Photo review of Unseen Photo Fair 2014
The fair is known as a "fair with a festival flair" and it is one of the better art fairs I've attended. Besides the actual art fair, Unseen had a packed schedule of talks, side projects and the very popular book market.
Here are some of my highlights from this year.
The following is a collection of work seen in the galleries section of the fair including some of my favourites.
Adam Jeppesen - Zion canyon, 2014 (Galerie van der Mieden)
Hannah Whitaker - Red 666, 2013 (Galerie Christophe Gaillard)
Isaac Julien, Horizon, from the series Playtime, 2013 (Galerie Ron Mandos)
JH Engström (Grundemark Nilsson Gallery)
Julie Cockburn (The Photographers' Gallery)
Martina Bacigalupo - Gulu Real Art Studio 13, 2013 (Camilla Grimaldi)
Mayumi Hosokura - D, magenta, from the series Crystal love Starlight, 2014 (G/P gallery)
Seung Woo Back - RS-#001, Re-Establishing Shot, 2012 (Gana Art)
Todd Hido – From the series Excerpts From Silver Meadows (Alex Daniels - Reflex Amsterdam)
Yann Mingard – Deposit 68, Mount 10, known as The Swiss Fort Knox, 2010 (East Wing)
This is a selection of photos from Unseen Collection, an initiativeshowcasing a collection of works for prices up to EUR 1,000 contributed by galleries participating at Unseen Photo Fair 2014.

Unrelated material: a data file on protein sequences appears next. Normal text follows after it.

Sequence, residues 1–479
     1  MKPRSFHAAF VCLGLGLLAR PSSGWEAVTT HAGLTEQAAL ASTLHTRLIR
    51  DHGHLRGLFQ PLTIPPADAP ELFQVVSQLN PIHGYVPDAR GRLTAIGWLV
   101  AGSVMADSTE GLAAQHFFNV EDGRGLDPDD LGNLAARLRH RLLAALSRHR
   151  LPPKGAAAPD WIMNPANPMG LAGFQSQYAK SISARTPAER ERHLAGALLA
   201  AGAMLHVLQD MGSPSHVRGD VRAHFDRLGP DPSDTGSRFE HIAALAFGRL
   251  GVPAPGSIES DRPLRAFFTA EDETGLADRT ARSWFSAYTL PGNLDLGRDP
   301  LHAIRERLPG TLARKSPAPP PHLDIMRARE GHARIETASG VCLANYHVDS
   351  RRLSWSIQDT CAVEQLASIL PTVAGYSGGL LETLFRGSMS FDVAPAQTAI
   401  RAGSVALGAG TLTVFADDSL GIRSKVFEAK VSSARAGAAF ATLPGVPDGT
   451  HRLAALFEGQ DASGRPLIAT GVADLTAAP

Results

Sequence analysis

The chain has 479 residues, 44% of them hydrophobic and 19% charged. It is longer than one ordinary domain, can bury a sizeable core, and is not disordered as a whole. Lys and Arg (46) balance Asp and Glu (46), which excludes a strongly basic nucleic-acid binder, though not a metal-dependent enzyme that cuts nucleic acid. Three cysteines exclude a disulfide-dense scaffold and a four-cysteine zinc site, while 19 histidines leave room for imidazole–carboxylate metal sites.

Bill Owens - Primadonna Casino, Reno, NV, 1973, from the series Suburbia, 2012 (Alex Daniels - Reflex Amsterdam)
Fardin Waezi - Men Competing in a Bodybuilding Competition for the Title of Mr. Afghanistan, Kabul, Afghanistan, 2010 (East Wing)
Giacomo Brunelli - Untitled #6, from the series Eternal London, 2012 (The Photographers' Gallery)
Isabelle Wenzel - Ball 2, from the series The making of, 2014 (Galerie Bart)
Lina Hashim - 2 Years with Hijab - No Wind, from the Series No Wind - With Hijab, 2012 (East Wing)
Petra Noordkamp - Hotel Sofitel, Warschau, 2011 (Ton de Boer)
Ruth van Beek - The great blue mountain range nr 1, 2010 (Ton de Boer)
An interactive installation where visitors were invited to ascend a 5m high escalator, generating light as they go.
“Jumping into the cloud, triggers an explosion of light. Each individual fall is bathed in its own type of light, which eventually fades away. What remains is a snapshot of a falling person, taken at the time of the jump.”
Noshino spent months shooting thousands of photographs from the city’s highest points, parks, cobbled streets and canals and a further few months back in his studio in Japan painstakingly piecing them together. The large scale installation was revealed at the fair.